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Deep Stromal Corneal Ulcers, Descemetocele, and Iris Prolapse

By Kirk N. Gelatt, VMD, DACVO, Emeritus Distinguished Professor, Department of Small Animal Clinical Sciences, College of Veterinary Medicine, University of Florida

Most corneal ulcerations readily heal with appropriate antibiotic, antiproteinase (often topical serum), and mydriatic therapy. However, corneal ulcers detected late in the disease process, complicated by other ocular diseases, or given inadequate topical therapy can progress. These require surgical intervention using a conjunctival graft or, more recently, the commercially available porcine small-intestinal submucosa or experimental amniotic membranes. Deep corneal ulcers, descemetocele, and iris prolapse are seen with some frequency in dogs, cats, and horses. These conditions require immediate surgical support of the weakened cornea, because they can threaten or seriously compromise corneal integrity. Brachycephalic breeds and dogs with keratoconjunctivitis sicca are most vulnerable. These corneal defects often develop in the center of the cornea and can markedly impair vision. Important diagnostic aids are the Schirmer tear test to measure aqueous tear production and topical fluorescein to determine the extent of the corneal ulcer. Corneal culture and cytology can assist in choosing topical and systemic antibiotics. Secondary anterior uveitis with aqueous flare, miosis, ocular hypotony, and hypopyon is common.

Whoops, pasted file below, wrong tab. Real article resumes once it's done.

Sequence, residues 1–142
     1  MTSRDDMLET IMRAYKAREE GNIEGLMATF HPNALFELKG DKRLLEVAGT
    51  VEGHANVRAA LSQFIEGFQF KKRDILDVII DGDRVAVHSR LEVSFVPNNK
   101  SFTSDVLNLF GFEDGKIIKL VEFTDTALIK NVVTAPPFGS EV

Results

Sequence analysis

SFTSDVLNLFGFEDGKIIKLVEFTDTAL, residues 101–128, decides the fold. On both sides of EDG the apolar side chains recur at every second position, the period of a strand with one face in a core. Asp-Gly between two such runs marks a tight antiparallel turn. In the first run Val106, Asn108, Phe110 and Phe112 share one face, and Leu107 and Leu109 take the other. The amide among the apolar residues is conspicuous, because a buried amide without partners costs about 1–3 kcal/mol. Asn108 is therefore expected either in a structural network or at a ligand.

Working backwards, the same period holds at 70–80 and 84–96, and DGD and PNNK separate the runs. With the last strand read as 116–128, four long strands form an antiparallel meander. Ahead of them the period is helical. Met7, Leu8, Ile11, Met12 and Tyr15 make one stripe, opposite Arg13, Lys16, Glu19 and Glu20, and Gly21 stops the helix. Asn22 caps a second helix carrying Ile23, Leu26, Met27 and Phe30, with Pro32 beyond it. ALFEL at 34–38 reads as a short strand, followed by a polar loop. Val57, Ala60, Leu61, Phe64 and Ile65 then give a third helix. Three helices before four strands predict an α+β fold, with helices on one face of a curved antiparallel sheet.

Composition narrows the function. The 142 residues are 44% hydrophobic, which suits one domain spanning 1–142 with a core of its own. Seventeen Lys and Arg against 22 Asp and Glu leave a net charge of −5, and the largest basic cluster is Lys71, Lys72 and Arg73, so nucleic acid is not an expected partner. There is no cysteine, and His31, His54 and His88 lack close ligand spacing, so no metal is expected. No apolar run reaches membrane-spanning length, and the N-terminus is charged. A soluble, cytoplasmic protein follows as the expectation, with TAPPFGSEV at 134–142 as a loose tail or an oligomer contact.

Corneal ulcer depth must be accurately estimated using magnification, focal illumination using a slit-beam, and topical fluorescein. Central corneal ulcers are more vulnerable, because they require more time for the healing response and vascularization. Adequate ulcer debridement is essential for successful adherence of a conjunctival graft. The corneal ulceration (stromal, descemetocele, or iris prolapse) is covered with the bulbar conjunctival graft (360°, 180°, bridge, or pedicle) that appears most appropriate.

For full-thickness corneal ulcers with iris prolapse, conjunctival grafts are also used, but the postoperative corneal opacity is usually larger and more dense. Postoperative therapy includes topical and systemic broad-spectrum antibiotics, systemic NSAIDs or corticosteroids, and mydriatics. Treatments are gradually tapered and administered for 4–8 wk. Postoperative complications include variable corneal scar and pigmentation, anterior and/or posterior synechiae, secondary cataract formation, and rarely bacterial endophthalmitis.

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